More than the tides can change
The resonant heartache of Tania Fordwalker's "Beyond the Shore"
by Brian Scott Pauls
SPOILER ALERT: This article contains details about Beyond the Shore by Tania Fordwalker. If you haven’t read the short story, you may want to stop reading this article now.
As an uncle of niblings, and a father of daughters, Beyond the Shore moved me in a way I had not expected.
Fordwalker’s story, found in the November issue of Lightspeed, is ostensibly a plague tale. All over the world, from wherever they happen to be, people begin walking toward the ocean. As they travel, they lose their hair and skin, transforming into aquatic creatures.
I say “ostensibly” because the story is really about how humans deal with change. This includes the cost of refusing to embrace the new and different.
Dyl Gibson is a virologist in the infection-ridden, climate-altered world of 2060. He’s built his career combatting the novel viruses of an overheated Earth. Gibson fights to hold the line against an intransigent, hostile environment. His daughter, then his wife, succumbs to the latest outbreak. Still, Gibson can't accept his inability to “save” them.
Fordwalker’s parable is “pathetic” in the best way—through the expert deployment of “pathos”. Empathetic readers will grieve for Gibson. He obsesses over preventing or reversing the effects of the virus, even as he loses his family.
Despite these personal crises, Beyond the Shore is only three-quarters tragedy. Gibson’s family also suffers loss, but they make it through to the “promised land” on the other side of that loss. Unlike Gibson, they do embrace the new and different. As a result, they escape the struggle to survive in a world no longer suitable for human bodies.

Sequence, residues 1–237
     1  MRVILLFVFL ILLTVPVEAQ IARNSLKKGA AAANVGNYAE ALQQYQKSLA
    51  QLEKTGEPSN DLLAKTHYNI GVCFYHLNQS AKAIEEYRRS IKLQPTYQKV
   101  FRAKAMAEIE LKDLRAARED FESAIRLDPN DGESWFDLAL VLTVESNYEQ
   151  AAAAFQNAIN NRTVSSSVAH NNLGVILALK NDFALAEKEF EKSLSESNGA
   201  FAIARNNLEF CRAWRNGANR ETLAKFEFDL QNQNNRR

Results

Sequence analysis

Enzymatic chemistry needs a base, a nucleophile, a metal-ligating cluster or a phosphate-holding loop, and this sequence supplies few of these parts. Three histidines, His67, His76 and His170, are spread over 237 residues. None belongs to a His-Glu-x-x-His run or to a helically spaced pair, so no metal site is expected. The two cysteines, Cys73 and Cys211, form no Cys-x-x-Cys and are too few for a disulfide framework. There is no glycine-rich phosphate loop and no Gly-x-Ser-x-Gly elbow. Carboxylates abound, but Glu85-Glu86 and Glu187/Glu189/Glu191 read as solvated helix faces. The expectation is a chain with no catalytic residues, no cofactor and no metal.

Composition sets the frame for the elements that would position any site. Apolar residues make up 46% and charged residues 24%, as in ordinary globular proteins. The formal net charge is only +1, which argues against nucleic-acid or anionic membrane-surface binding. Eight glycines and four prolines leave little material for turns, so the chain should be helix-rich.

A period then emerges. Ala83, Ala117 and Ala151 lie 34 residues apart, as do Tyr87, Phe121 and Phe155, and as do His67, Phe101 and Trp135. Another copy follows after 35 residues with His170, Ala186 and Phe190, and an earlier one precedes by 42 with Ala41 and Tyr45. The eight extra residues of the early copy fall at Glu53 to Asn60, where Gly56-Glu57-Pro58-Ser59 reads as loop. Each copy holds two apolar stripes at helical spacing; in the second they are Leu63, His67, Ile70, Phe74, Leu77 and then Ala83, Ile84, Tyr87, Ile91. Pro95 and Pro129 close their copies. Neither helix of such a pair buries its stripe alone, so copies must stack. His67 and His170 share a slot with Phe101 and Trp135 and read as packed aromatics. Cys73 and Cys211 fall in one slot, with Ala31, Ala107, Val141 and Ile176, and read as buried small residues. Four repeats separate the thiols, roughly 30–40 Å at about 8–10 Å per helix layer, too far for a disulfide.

The element I found resonated most was the transformation of Gibson’s daughter. A teenager, she is not afraid of the changes she’s seeing and experiencing—she’s excited by them. Like many parents in our real world, Gibson doesn’t understand—doesn’t want to understand. He’s committed to stopping these changes by any means necessary. In time-honored sf fashion, this includes experimenting on himself. He succeeds, but only for himself. In the process, he eliminates the possibility of ever rejoining his family. His consolation prize is more haunting than comforting.
Our global society is approaching divergent choices where change is inevitable. Continuing on the way we always have will no longer be an option. Let us hope we are open to new and different possibilities, and we have the wisdom to look beyond the shore.
Recommendation: Read it!
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